Hello Fiscal Feminist Faithful!
I had the recent pleasure of appearing on the Money Matters Top Tips Podcast. Show host Adam Torres and I got to chat about my journey of becoming a financial advisor, the work we practice at The Bahnsen Group, and what inspired me to become the Fiscal Feminist. I welcome you to join us for a lively conversation.
Listen here below or you can find us on iTunes or Spotify.
Thank you again for your support of the Fiscal Feminist!
Money Matters Top Tips – Podcast Transcript
Adam: Hey, I’d like to welcome you to another episode of Money Matters Top Tips to Success where I bring on business owners, entrepreneurs, and executives and have them share their top tips for success with you. My name is Adam Torres you can follow me on Instagram @AskAdamTorres. You can keep up with my book releases, book tour schedule signings, all that other good stuff. I always loved to connect with you there. As always if you’d like to apply to become a co-author of one of my upcoming books, just head on over to the website, MoneyMattersTopTips.com and click on become an author to apply. Today I have Kimberlee Davis on the line. She’s a Partner and Managing Director over at The Bahnsen Group. Kimberlee welcome to the show.
Kimberlee: Thank you, Adam. It’s my pleasure to be here today. Thank you for inviting me.
Adam: So, I’m excited to get more into what you’re doing over at The Bahnsen Group as managing director. But before we do that let’s get a little bit more into your background. How did you get started in the business?
Kimberlee: I actually had somewhat of a circuitous journey. After graduating from college, (I went to Georgetown University), I decided to go to law school immediately thereafter. So I went to Georgetown University Law Center and from there I became a corporate securities lawyer. So, I moved to New York and worked in two big law firms. The primary focus of my practice was initial public offerings and stock offerings, limited partnership deals and things to that nature. I was focused on the business end of the law and many of my clients were underwriters and big investment banks. After I practiced law for a while, I started thinking it might be a little more exciting on the investment banking side of things. I was getting a little bit … frustrated I guess, writing all the papers and not being involved in the actual real nuts and bolts of the financial aspects of the deal. So I did transition over to the business side. I worked in a small investment bank where I was doing some project financing, leveraging lease deals, and asset-based financing. That was sort of the entrée into the business world for me. From there I did a variety of other things in the business world. I lived in England for 14 years and I was a CFO. I also started an entrepreneurial venture where I created a fashion company and became a designer and manufacturer of clothing. The line of clothing was sold at Saks Fifth Avenue. And so that is the sort of how the whole thing evolved.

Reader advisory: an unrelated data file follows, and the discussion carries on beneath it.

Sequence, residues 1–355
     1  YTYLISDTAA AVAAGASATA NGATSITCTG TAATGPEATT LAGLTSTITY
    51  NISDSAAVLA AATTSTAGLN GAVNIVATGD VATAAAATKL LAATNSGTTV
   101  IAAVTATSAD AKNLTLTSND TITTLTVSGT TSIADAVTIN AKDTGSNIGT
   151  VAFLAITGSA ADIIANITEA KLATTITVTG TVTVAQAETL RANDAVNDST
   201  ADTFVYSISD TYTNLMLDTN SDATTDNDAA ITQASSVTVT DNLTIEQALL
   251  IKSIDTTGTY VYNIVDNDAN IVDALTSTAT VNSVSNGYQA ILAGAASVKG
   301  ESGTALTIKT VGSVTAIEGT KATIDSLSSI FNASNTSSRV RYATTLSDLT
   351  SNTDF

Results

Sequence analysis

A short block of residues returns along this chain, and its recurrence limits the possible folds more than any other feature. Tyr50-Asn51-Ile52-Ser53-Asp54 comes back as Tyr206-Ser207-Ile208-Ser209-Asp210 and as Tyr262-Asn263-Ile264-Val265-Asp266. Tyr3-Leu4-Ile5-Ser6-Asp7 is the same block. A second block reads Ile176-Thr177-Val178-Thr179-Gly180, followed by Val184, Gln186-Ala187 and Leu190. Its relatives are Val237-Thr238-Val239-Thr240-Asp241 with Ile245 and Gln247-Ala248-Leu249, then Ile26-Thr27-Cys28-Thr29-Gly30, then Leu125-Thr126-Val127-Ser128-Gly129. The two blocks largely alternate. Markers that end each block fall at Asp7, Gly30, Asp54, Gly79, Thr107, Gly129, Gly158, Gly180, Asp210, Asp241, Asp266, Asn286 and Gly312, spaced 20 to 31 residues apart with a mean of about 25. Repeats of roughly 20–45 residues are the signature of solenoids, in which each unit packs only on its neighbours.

Adam: I love it! What a career! So, there’s some younger audience members listening who maybe are just graduating college or they’re maybe one to five years out. They might be thinking, “what’s our next step”. What kind of advice would you give to that younger audience that’s listening? In terms of going about their career goals.
Kimberlee: Well, I have three daughters that are all millennials and they all have different career paths. And my advice to them and to all younger people is this: Whatever you’re going to start your career with, is probably not what you’re going to end it with. So be open to new opportunities but start with what you have the most interested and passion in. Don’t chase money per se. If you have a true interest in finance or economics or the public sector, follow that interest. If you don’t enjoy what you’re doing, then it’s not going to last very long and it will not take you down an abundant path. For me, I tried to always follow things that I was truly interested in. I did really enjoy studying the law. And I enjoyed being a lawyer. This helped me immensely in my business career. But when I started off, I just assumed I’d work in a law firm forever and become a partner. But things in life occur. I became a mother of three kids which shifted certain priorities. Life has many seasons so I would say to younger people: “Start off by following what you’re truly interested in. Have an open mind. Pursue opportunities that may not seem like they’re a sure-fire thing. Because if you don’t try things, you never really know how great they can be.
Adam: I love that advice. It’s funny because I feel like a lot of the younger crowd, when they first graduate, put so much pressure on that first job or what they’re doing. They compare themselves thinking that they’re supposed to have it all figured. In the benefit of hindsight, I just laugh. Who knows what’s going to be next … nobody. You can’t predict what’s going to happen next. Your best mentor can’t even tell you. The good ones are going to tell you exactly what you just said. So, I do appreciate you sharing that. Kimberlee let’s change it up a bit. I want to get more into what you’re doing as Partner and Managing Director over at The Bahnsen Group. What kind of clients are you working with and what kind of things are you helping them achieve?